Here’s Why iPhone 6s And 6s Plus Weigh More Than iPhone 6 And 6 Plus
One curious fact about Apple’s newly announced iPhone 6s and iPhone 6s Plus is that both smartphones weigh more than the devices they replace. 192g for 6s Plus vs 172g for 6 Plus and 143g for 6s vs 129g for 6. That’s almost unheard of, especially considering that the screen sizes haven’t changed. For a company as keen on reducing thickness and weight, almost to a fault, the idea of actually making the new generation of its smartphones heavier is an alien one, but not without its reasons.
On first blush, it initially appeared a safe bet that the reason for the extra weight was Apple’s move to a new type of alloy for the unibody chassis, with 7000 Series aircraft-grade aluminium now being used instead of the 6000 series alloy used with the previous generation.
The reason, we can only speculate, is to stop people from inexplicably bending their iPhones in half as so many seemed to manage with the iPhone 6 and iPhone 6 Plus. Stronger metal makes for less bending and, as the theory goes, makes the iPhone 6s and iPhone 6s Plus heavier than their predecessors. And that’s right. To a point.
According to Apple, the iPhone 6s Plus’ metal weighs a mere 2 grams more than the iPhone 6 Plus, and the metal used in the iPhone 6s is actually lighter than that in the iPhone 6. So where’s the weight coming from?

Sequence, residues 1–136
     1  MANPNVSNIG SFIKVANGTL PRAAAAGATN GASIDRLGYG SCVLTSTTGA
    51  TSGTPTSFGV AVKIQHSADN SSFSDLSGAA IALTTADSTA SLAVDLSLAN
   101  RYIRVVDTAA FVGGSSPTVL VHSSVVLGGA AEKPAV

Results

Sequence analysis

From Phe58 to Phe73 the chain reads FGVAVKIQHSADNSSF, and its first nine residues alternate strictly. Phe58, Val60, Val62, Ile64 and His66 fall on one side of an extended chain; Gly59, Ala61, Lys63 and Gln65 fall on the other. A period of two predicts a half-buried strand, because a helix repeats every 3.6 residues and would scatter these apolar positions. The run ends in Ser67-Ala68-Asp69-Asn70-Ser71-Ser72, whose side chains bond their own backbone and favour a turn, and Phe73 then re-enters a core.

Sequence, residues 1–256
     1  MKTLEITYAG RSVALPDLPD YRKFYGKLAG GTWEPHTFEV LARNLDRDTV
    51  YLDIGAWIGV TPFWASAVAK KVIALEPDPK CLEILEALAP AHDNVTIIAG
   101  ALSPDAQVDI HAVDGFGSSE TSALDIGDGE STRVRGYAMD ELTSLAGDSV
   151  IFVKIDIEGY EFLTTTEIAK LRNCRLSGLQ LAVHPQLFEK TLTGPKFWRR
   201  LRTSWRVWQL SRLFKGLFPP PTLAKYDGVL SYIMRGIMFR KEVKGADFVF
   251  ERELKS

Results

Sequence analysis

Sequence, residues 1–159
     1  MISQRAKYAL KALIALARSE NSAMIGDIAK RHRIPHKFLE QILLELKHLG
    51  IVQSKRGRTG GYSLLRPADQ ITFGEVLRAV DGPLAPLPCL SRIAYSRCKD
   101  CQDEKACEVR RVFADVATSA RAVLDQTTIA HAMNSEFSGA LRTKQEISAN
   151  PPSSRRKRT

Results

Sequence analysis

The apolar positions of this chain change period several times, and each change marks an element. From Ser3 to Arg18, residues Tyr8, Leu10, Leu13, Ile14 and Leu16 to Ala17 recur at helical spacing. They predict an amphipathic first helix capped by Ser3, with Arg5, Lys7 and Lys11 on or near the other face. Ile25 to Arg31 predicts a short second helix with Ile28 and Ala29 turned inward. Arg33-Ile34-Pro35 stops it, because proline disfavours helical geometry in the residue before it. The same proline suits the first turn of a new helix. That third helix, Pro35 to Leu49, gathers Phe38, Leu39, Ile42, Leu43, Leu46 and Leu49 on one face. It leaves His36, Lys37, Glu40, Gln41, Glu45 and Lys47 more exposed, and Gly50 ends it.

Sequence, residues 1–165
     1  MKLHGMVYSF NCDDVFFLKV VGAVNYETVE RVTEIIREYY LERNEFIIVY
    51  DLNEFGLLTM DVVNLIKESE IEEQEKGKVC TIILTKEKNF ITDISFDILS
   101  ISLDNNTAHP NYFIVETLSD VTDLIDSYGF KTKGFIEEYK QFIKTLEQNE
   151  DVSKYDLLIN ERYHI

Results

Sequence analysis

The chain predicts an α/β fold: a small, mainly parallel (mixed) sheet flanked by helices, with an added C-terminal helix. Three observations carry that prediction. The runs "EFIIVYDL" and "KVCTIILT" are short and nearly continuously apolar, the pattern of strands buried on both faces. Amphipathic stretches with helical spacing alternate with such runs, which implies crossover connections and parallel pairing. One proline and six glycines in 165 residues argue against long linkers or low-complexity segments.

Reportedly, the extra weight comes from Apple’s new 3D Touch feature, which requires an additional layer of capacitive pressure sensors below the display to function. In fact, the new display technology weights over twice that of the outgoing smartphones that these new models replace. It’s this extra thickness, and added weight, that makes Apple’s new iPhones uncharacteristically thicker and heavier than their predecessors, but that’s okay.
iPhone 6s, iPhone 6s Plus display breakdown, showing extra layer of 3D Touch pressure sensors
The negligible addition in weight caused by the change in build material along with the heft of the 3D Touch makes for a cumulative gain of 11% in the bulk of both devices, which would be a problem if we were dealing with higher values of total weight. Neither the iPhone 6s nor iPhone 6s Plus are what we would call heavy, and they are certainly far from thick, so at the end of the day does it really matter all that much?
We know we’d rather have 3D Touch than a few grams of saved weight.